So, SBC acquired several industry players and changed their name to AT&T.

That was the moment AT&T changed forever. The new AT&T was born.

AT&T CEO’s Ed Whitacre, Randall Stephenson, John Stankey

Going forward, the company was a supercharged SBC, building on the AT&T name and brand.

Then CEO Ed Whitacre, who pulled off this great transformation of SBC, retired. Randall Stevenson took over and he ran the company well for quite a long time.

Over the last decade however, his dreams for the company were just too much large to pull off. His work started slipping through his fingers.

Stevenson had a dream. He tried to expand the company into an unrivaled giant in the wireless, internet, pay TV, news and entertainment industry.

Coming up with a way to describe this huge new company was difficult for them. They struggled with different phrases, but nothing worked.

They acquired DirecTV, then Time Warner which they renamed WarnerMedia. This was a mix of Warner Brothers Studios, CNN and more.

If this worked, AT&T would have been the big kid on the block. They would have looked similar to what Comcast has become.

It was a huge dream and an even bigger undertaking.

Unfortunately, over the last few years it all started to unravel. Part of this was due to the Covid-19 shutdown. Part was because the cultures of the different companies in different sectors didn’t fit well. There were many problems.

AT&T was highly leveraged with WarnerMedia and DirecTV

The big problem was AT&T was too highly leveraged and with income being reduced because of the pandemic, they had to rob Peter to pay Paul.

They made big and dramatic cuts rather than strategic ones.

Randall Stephenson ultimately stepped down and was replaced by John Stankey who inherited this mess. His job it is to save AT&T and start it back on a growth track going forward.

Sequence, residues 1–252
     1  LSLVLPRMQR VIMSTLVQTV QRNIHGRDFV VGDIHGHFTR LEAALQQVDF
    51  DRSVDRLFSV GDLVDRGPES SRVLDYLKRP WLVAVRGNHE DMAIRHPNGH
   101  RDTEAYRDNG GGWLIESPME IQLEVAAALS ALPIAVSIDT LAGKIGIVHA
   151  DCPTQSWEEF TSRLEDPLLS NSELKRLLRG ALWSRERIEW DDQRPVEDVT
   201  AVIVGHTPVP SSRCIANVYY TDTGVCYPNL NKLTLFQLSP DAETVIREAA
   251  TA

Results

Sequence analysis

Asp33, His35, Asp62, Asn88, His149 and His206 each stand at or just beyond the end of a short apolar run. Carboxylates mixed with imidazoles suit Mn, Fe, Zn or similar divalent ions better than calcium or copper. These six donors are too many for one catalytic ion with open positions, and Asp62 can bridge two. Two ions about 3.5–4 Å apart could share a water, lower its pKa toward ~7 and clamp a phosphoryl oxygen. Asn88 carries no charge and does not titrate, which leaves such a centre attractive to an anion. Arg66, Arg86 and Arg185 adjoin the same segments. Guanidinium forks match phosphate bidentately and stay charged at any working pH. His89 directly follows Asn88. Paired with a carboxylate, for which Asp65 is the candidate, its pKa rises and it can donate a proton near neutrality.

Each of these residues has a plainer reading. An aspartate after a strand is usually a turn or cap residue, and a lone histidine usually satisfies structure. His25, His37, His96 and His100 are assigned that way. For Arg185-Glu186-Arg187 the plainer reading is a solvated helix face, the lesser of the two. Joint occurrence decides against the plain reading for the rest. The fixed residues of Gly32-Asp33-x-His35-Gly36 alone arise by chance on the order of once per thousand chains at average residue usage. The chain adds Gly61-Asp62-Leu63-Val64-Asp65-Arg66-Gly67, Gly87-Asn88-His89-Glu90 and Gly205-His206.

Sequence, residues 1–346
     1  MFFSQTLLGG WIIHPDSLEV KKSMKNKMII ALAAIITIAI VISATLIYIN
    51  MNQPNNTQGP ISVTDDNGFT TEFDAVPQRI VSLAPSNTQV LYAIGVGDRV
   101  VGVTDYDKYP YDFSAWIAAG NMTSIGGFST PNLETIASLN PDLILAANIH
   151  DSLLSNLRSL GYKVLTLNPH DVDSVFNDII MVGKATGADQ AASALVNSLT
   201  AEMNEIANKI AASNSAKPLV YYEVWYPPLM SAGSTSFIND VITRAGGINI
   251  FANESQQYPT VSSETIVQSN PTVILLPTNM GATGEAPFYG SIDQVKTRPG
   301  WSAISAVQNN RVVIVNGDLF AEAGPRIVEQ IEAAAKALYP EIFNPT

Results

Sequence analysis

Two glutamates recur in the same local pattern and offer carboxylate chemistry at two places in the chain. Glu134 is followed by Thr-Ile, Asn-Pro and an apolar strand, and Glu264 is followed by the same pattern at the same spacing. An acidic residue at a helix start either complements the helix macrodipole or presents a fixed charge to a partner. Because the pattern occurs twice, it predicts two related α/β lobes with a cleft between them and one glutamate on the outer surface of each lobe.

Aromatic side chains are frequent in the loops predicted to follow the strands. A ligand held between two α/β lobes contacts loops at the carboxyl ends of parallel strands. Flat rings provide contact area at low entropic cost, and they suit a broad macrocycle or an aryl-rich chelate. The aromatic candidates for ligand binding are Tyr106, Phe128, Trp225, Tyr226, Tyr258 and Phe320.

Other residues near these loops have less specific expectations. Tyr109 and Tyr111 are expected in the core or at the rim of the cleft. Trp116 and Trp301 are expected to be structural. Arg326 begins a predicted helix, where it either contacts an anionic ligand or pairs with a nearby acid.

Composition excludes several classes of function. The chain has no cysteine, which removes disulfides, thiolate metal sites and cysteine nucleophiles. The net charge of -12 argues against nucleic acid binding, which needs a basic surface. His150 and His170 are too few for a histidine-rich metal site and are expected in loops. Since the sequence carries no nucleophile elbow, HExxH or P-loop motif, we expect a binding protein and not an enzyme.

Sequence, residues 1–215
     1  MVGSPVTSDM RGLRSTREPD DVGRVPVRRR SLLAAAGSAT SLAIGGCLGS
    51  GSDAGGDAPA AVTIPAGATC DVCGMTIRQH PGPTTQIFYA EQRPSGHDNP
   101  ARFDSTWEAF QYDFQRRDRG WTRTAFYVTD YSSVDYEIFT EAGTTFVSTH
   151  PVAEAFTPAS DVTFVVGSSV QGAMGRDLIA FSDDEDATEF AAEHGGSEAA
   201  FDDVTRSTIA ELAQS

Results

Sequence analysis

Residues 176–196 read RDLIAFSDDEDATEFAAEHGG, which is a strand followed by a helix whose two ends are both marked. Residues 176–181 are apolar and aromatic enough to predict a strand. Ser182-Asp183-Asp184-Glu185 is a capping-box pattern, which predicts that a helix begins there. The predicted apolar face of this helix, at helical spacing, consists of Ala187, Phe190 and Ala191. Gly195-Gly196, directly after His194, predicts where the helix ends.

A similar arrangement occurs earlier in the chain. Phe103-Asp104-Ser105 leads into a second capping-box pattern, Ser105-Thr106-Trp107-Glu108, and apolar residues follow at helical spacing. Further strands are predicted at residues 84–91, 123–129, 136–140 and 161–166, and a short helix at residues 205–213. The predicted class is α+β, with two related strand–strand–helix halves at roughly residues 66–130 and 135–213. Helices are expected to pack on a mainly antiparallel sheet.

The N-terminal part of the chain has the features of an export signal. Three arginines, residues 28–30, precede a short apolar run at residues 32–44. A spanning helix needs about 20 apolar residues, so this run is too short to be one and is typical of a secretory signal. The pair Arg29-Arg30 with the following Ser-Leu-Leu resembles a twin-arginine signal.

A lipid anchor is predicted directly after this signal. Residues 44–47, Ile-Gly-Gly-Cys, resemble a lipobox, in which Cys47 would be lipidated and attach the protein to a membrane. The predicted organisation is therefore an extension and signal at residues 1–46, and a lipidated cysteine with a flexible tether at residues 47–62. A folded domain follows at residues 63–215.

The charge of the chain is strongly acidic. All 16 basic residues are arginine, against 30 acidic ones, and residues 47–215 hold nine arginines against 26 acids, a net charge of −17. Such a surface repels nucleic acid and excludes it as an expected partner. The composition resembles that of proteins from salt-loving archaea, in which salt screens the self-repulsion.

AT&T spent quite a few years diving deep into this hole, so it will take time to dig themselves out.

5G wireless, telecom, internet still on strong growth wave

However, once the WarnerMedia assets are finally spun off, AT&T will once again focus on their core, which is wireless, telecom, Internet and other similar services for business customers and consumers.

The good news is 5G is an enormous growth opportunity for the company and the entire industry. And AT&T is a player in this new world.

The bad news is they took their eye off the wireless ball over the last many years and that cost them. They have quite of bit to make up for just to get back to even.

You see, as AT&T was so distracted, T-Mobile recovered from their mistakes, and took over second place in the wireless race.

Today, leaders in wireless are Verizon Wireless, T-Mobile and AT&T in that order.

Currently, under Stankey, AT&T is struggling to get back into growth mode. That’s why Jim Cramer of CNBC says they are not a buy and are doing terribly.

It’s not just AT&T who is struggling with this challenge. Every competitor is as well. It’s just that AT&T was further down the rabbit hole and will take them longer to recover.

Can CEO John Stankey put AT&T on growth track once again?

The good news is wireless, telecom and Internet are still services on the growing side of the growth wave. The industry is changing with 5G and other new technologies.

And in fact, with self-driving cars, automated driving, telemedicine and healthcare and so much more, the future looks very bright for the telecom and wireless industry.

And that’s the industry that AT&T finds itself in.

That’s their core business. That means the future of AT&T and every competitor can be as bright as they make it.

That being said, it’s all up to CEO John Stankey to stop the losses and get restart their growth engine. Can he pull the rabbit out of the hat? And if so, how quickly and how strong?

These are the big questions.

Their new strategy for moving forward makes sense. It focuses on who AT&T is, a wireless, telecom and Internet company.

Now they must deliver. Now we wait and watch. So, let’s hope they can once again become a strong and growing competitor in the space.

ABOUT AUTHOR

Jeff Kagan
Jeff Kaganhttp://jeffkagan.com
Jeff is a RCR Wireless News Columnist, Industry Analyst, Key Opinion Leader and Influencer. He shares his colorful perspectives and opinions on the companies and technologies that are transforming the industry he has followed for 35 years. Jeff follows wireless, wire line telecom, Internet, Pay-TV, cable TV, AI, IoT, Digital Healthcare, Cloud, Mobile Pay, Smart cities, Smart Homes and more.